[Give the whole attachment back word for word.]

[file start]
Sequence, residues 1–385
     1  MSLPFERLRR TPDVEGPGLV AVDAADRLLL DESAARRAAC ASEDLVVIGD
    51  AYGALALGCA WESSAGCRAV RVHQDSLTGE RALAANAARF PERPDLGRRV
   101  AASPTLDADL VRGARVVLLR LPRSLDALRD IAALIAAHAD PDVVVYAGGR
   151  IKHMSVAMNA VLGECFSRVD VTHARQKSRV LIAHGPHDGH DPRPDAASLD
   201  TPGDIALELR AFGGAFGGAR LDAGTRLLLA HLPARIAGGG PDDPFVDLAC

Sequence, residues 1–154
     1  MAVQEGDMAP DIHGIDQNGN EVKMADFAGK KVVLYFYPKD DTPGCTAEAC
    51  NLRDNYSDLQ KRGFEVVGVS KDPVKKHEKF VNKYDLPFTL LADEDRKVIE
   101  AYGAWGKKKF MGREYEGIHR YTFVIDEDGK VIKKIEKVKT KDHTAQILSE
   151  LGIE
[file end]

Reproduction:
Sequence, residues 1–385
     1  MSLPFERLRR TPDVEGPGLV AVDAADRLLL DESAARRAAC ASEDLVVIGD
    51  AYGALALGCA WESSAGCRAV RVHQDSLTGE RALAANAARF PERPDLGRRV
   101  AASPTLDADL VRGARVVLLR LPRSLDALRD IAALIAAHAD PDVVVYAGGR
   151  IKHMSVAMNA VLGECFSRVD VTHARQKSRV LIAHGPHDGH DPRPDAASLD
   201  TPGDIALELR AFGGAFGGAR LDAGTRLLLA HLPARIAGGG PDDPFVDLAC

Sequence, residues 1–154
     1  MAVQEGDMAP DIHGIDQNGN EVKMADFAGK KVVLYFYPKD DTPGCTAEAC
    51  NLRDNYSDLQ KRGFEVVGVS KDPVKKHEKF VNKYDLPFTL LADEDRKVIE
   101  AYGAWGKKKF MGREYEGIHR YTFVIDEDGK VIKKIEKVKT KDHTAQILSE
   151  LGIE